Baby bjorn: I borrowed this from a friend and can definitely see the appeal. It is very simple to use, adjusts easily for comfort and the baby is securely held but still able to look around. After a long hike however, my back and shoulders were aching. The weight is definitely distributed to those two areas and takes its toll after a while. The baby is also supported by a strap through their legs and don’t “sit” in this carrier. This made me a little nervous about long hikes.
ERGObaby: I finally managed to try this out recently. Having tried the bjorn, I was drawn to this because of the way it supports the baby in a seated position and distributes the weight to your hips. The shoulder straps are well padded and are very comfortable once fastened. The one negative I’ve found so far is clasping the back straps together myself. With an infant, I hesitate to do it while supporting the baby’s head. This carrier also appeals because of the various ways it can be worn in front, back and side positions. I look forward to trying these out as Adelena gets bigger! Since she’s still rather small we’ve been enjoying the front position and I just position her legs to one side rather than separating them so she’s nice and comfy.
Leaving the hospital after the baby was born was both incredibly exciting and incredibly nerve-wracking. Having a team of medical professionals around for any tiny question that might come up is a rather comforting experience. However, I knew I wouldn’t miss the noise and frequent interruptions and couldn’t wait to be in my own space again. Once home, we quickly realized how valuable all that help was though there were a few products we were extremely fortunate to have and helped make our lives much easier and a bit less stressful.
- Angelcare Monitor – This is an amazing device. We have the audio version, which is more than sufficient in our tiny house. It’s a monitor that also has a panel that fits under the crib (or cradle/bassinet) mattress which alerts you if the baby stops moving for more than 15 seconds. As I’m sure many new parents can attest, one of our biggest fears was that something might happen during the night while we’re sleeping and we would have no idea. The peace of mind this monitor affords is fantastic. We tested it ourselves before the baby arrived and it’s amazingly responsive even under a thick crib mattress. Like many new parents, the first few nights home we had the baby sleeping in a cradle in our room. The baby did fine…but we barely slept a wink. A few days and a hurricane later, we moved the baby into her crib. Having the monitor made this transition much easier and we’ve been sleeping much sounder ever since! One minor problem we had was that the monitor creates some white noise/static when activated by the baby’s noises. As a result, I was waking up for every minor grunt and groan if the monitor picked it up. Eventually I realized you could turn the volume down slightly which eliminated the static and now I only wake when the baby is fussing or crying to the point where I’d want to check on her.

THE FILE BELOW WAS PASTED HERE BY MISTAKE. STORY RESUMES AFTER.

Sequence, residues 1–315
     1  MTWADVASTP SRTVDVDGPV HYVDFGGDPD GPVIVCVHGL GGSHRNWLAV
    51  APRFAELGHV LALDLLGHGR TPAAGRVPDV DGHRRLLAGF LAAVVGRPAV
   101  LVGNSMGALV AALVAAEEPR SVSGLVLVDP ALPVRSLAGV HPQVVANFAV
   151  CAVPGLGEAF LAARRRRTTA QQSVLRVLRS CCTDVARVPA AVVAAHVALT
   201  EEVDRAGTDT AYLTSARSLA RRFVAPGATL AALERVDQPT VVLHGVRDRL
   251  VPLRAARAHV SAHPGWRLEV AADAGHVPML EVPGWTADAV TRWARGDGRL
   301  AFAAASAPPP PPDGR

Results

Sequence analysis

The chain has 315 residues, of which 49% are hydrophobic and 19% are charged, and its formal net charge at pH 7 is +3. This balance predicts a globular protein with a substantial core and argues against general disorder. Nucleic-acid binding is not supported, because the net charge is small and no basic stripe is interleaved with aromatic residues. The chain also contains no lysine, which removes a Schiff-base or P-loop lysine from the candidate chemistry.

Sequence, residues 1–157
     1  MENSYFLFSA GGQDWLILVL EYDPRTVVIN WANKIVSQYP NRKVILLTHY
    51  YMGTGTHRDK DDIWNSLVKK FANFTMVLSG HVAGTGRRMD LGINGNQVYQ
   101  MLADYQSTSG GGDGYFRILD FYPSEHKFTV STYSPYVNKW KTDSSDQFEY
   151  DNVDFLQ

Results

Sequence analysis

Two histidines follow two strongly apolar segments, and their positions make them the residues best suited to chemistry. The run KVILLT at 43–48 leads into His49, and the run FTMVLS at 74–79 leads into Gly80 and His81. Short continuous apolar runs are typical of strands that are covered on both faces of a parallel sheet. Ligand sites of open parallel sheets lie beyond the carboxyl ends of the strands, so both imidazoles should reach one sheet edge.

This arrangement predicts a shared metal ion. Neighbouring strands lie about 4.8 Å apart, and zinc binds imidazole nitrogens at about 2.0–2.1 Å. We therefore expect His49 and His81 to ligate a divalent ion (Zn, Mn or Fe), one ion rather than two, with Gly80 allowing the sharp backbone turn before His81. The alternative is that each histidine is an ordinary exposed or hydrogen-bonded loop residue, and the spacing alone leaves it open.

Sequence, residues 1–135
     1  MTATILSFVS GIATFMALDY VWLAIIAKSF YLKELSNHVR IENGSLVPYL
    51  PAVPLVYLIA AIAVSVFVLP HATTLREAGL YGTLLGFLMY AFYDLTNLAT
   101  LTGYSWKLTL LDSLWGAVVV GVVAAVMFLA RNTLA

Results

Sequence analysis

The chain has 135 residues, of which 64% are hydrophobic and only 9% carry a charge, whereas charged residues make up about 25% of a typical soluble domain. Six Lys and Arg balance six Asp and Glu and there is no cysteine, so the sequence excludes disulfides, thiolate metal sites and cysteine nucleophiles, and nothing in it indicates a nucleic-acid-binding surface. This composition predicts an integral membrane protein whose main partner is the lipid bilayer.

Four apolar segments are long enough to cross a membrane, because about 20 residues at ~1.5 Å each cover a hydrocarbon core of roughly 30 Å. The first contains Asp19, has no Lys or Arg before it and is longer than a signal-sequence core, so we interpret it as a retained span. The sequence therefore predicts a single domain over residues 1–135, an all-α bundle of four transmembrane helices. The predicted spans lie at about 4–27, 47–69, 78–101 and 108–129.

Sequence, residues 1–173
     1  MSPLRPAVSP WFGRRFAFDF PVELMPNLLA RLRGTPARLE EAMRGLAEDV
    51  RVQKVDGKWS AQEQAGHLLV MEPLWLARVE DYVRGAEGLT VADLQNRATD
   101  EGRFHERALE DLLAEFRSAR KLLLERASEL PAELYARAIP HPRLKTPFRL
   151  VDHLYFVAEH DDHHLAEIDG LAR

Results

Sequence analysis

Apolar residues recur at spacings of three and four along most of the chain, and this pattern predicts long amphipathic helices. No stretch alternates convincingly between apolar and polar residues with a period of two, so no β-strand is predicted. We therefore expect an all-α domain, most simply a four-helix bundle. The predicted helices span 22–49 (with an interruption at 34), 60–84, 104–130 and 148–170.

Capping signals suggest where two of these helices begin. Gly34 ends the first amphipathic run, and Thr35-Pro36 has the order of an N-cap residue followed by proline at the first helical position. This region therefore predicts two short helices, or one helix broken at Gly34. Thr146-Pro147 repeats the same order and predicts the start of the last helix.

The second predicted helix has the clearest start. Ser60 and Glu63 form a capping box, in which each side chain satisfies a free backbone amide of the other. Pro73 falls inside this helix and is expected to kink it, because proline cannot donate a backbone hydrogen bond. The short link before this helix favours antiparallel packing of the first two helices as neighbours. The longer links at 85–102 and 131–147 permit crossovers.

- SwaddleMe Sleep Sacks – During the first week or two, we used the hospital blankets and receiving blankets to swaddle our daughter at night. She definitely loved the swaddle and slept much better having it. We perfected the folding and tucking but this turned night feedings and changings into quite a production and the baby quickly learned how to free her arms. Once she was free, she’d wake more frequently and not sleep as well as she might have. My cousin had given us some of the SwaddleMe sacks and once we pulled them out, this changed everything. The velcro tabs make changing a breeze and you can cinch the sack quite snugly to avoid little hands and arms from wriggling free.
- Cloth Diapers/Burp Cloths – There are a whole slew of burp cloths out there but nothing stands up like these do. They’re large and very absorbent. Once the baby started spitting up quite frequently, these were invaluable. We still go through about 8-10 per day but I can’t imagine what my laundry pile would be like without them! There are a few varieties with varying weights of material. I prefer the thicker, padded variety as they’re softer to the touch and seem to be the most absorbent.
- Boppy Pillow – This is great for breastfeeding and bottle feeding. At the beginning, I’d settle the baby right on top while feeding which worked great. Now that she’s a bit bigger, I can prop it under my arm and elbow on whichever side she’s nursing from. Our baby was also a bit gassy so after feeding, she’d get uncomfortable if we put her down flat right away. We quickly learned that the Boppy kept her at enough of an incline when we placed her inside the U shape with her head well supported on the cushion. This is also a great position for awake time as she can look around easily. I would definitely not leave her unattended as the baby can wriggle around and eventually slide down into the center of pillow. However, it’s great for those times when you need your hands free but can keep a constant eye on the baby!